Successful treatment of lung cancer with radiation therapy requires that the physicians determine exactly where the tumor is in the patient's body and seek to limit any unnecessary radiation to normal parts of the body. This study is designed to apply functional imaging, Fluorodeoxyglucose-Positron Emission Tomography (FDG-PET) ("a PET scan") and Ventilation/Perfusion Single Photon Emission Computerized Tomography (V/Q SPECT) ("a perfusion scan"), before treatment and then again during treatment to see if this scanning helps predict how well the treatment works and how well the lung functions during treatment. FDG-PET is a modern technology that uses small amounts of a radioactive glucose (FDG) to make images of the whole body and areas of active cancer. V/Q SPECT is an image mapping tool that helps assess how well the lungs are working. A Computerized Tomography (CT) will also be performed along with both of these procedures to help the researchers see clearly where the cancer or the healthy lung is located.
The researchers are also doing blood and urine tests in this study to look for markers to see if this helps them determine the patient's risk of developing side effects from radiation to the lungs. The researchers hope by using these types of tests that they can have more information to help decrease the amount of toxicity patients have from this type of treatment. The researchers hope that this study will help them in the future to design radiation treatment plans that provide the best treatment for each individual patient.
- Study Type: Interventional
- Study Design
- Intervention Model: Single Group Assignment
- Primary Purpose: Treatment
- Masking: None (Open Label)
- Study Primary Completion Date: September 2021
This is a pilot study to improve local tumor control while maintaining the same rate of treatment toxicity by adapting therapy to the uninvolved lung and esophagus while continuing to adapt therapy to the tumor for patients with Stage II/III NSCLC.
Lung cancer is the leading cause of cancer death in the United States and worldwide. In 2012, there were 226,160 new cases and 160,340 deaths related to lung cancer in the United States. Approximately, 80-85% of lung cancers are NSCLC (Non-small Cell Lung Cancer), and 40% of these are locally advanced (stage II/III) at diagnosis. The current standard of care for these patients is "one size fits all" RT (Radiation Therapy) with concurrent chemotherapy in uniform regimens. Even after concurrent chemoradiation, however, the five year overall survival was still about 15%; almost one half of the patients failed locally. At the same time, intensification of both radiotherapy and concurrent chemotherapy may result in excessive toxicity or incomplete treatment. Therefore, it is critical to tailor the treatment to each individual's sensitivity in combination with functional imaging guided response-driven treatment and biomarker guided individualized dose prescription, thus taking into consideration both the tumor and toxicity profile.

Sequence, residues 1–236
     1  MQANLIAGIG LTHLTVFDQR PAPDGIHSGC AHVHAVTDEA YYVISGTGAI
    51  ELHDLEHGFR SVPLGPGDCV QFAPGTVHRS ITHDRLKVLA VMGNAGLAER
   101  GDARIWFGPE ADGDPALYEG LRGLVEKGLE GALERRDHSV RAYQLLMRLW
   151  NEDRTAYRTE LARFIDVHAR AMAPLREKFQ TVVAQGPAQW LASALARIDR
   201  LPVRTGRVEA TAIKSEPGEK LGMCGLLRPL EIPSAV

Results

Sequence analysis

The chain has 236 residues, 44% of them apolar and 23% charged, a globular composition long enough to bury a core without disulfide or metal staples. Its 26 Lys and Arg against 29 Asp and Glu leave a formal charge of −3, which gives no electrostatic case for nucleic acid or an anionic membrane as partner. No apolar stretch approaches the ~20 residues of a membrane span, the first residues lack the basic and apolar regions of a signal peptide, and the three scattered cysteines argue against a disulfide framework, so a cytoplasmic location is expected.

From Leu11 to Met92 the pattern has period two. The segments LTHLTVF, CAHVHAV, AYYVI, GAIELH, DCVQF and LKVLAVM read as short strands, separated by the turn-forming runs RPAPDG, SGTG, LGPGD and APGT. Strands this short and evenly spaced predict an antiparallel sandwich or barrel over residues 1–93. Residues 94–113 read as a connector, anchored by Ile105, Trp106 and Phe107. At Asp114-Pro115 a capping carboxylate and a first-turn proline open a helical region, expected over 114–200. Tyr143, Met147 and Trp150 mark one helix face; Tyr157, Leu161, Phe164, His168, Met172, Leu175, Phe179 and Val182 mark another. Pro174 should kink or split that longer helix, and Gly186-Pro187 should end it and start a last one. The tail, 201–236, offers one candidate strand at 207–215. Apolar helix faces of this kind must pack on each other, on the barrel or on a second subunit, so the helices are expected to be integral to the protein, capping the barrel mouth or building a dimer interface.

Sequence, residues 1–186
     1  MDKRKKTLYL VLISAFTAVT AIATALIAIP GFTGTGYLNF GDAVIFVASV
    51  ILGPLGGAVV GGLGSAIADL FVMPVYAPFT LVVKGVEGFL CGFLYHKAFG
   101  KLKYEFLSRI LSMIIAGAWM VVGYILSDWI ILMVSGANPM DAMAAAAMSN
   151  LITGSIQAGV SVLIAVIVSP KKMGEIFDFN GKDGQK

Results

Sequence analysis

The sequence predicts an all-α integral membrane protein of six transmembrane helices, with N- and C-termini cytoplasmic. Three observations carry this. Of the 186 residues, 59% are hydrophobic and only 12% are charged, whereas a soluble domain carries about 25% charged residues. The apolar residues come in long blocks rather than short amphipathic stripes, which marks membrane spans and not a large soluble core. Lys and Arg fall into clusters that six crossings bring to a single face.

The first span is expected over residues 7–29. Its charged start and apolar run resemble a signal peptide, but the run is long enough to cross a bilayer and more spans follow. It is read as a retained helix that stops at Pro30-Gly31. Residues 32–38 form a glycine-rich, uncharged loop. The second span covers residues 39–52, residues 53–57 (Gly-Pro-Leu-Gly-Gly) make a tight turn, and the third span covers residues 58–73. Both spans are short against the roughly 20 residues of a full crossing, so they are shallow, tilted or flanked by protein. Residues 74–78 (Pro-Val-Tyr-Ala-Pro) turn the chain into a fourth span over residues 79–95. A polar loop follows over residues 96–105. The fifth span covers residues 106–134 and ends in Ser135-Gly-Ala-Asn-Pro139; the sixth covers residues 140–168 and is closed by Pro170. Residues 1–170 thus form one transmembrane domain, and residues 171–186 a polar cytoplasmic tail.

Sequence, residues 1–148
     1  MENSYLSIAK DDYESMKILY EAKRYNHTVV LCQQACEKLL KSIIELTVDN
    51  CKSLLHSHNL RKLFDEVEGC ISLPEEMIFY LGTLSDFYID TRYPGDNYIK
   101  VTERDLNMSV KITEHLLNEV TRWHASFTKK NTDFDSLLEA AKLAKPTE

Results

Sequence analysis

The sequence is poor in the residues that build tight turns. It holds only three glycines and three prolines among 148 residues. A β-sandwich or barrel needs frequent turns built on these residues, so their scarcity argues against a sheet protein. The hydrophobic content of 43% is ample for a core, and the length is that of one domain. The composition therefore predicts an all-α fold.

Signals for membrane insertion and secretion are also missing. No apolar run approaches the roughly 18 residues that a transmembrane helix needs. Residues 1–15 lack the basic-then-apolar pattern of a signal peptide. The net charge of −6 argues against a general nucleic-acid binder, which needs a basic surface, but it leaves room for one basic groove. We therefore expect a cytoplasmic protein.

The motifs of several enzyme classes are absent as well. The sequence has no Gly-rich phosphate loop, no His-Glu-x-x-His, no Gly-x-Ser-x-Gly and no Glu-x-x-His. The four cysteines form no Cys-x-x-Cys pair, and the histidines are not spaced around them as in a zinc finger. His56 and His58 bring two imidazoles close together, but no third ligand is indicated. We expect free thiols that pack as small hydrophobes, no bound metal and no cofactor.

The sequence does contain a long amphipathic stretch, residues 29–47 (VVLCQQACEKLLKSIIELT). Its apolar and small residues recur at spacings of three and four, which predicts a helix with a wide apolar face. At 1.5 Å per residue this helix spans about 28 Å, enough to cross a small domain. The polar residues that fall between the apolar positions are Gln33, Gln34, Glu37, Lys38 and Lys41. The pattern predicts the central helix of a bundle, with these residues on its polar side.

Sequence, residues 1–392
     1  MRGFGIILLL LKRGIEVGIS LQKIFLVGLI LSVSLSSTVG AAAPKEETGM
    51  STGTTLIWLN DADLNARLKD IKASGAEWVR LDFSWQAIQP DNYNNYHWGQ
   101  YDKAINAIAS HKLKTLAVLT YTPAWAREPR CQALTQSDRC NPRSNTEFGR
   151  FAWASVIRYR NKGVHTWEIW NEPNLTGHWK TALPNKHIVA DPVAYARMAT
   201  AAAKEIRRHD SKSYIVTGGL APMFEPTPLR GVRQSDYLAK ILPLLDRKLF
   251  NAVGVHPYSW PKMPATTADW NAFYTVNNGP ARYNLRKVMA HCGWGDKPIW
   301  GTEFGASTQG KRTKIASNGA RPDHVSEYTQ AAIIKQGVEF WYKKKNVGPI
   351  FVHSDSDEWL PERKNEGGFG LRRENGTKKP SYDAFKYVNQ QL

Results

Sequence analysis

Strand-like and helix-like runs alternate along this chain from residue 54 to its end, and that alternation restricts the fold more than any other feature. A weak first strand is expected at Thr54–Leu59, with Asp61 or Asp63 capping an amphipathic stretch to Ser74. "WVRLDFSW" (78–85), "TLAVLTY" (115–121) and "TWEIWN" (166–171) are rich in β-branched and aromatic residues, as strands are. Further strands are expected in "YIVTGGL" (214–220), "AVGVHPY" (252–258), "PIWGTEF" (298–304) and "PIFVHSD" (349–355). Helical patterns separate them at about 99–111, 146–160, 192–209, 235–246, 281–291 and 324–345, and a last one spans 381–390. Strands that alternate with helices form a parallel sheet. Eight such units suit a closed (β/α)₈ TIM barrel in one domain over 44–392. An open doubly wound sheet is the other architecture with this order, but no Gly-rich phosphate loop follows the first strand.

Evidence suggests that high-dose radiation has the potential to improve local-regional control and overall survival in patients treated with fractionated therapy with concurrent chemotherapy.
However, it is challenging to deliver high dose RT in the majority of patients with locally advanced NSCLC without exceeding doses to organs at risk and causing significant side effects.
Investigators hypothesized that they could develop safer and more effective therapy by adapting treatment to the individual patient's response. With respect to the tumor, investigators hypothesized, that they could improve outcome by redistributing dose to the more aggressive regions of the tumor, assessed using mid-treatment FDG-PET (Positron Emission Tomography) scanning. With respect to uninvolved organs, investigators need methods of estimating tolerable radiation doses for the individual patient rather than the population average. Such a strategy requires assessing both global and regional normal lung function and the technology to deliver dose in a manner that minimizes damage to functional lung and esophagus.
During-RT FDG-PET/CT potentially can provide important benefits to individual patients by intensifying dose to more resistent tumor, allowing early changes to alternative, more efficacious treatment or by avoiding the unnecessary toxicity related to ineffective therapy.
Patients will also undergo a during treatment V/Q SPECT (Single-photon Emission Computed Tomography) scan, as an adaptive plan based on during-treatment SPECT may further optimize PART (Personalized Adaptive Radiotherapy) to avoid high dose radiation to the well-functioning regions, and would thus decrease RILT (Radiation Induced Lung Toxicity).
The combination of pre- and during V/Q SPECT can classify the lung into different functional regions, and a strategy to give differential priority to the regions has been developed to minimize lung damage.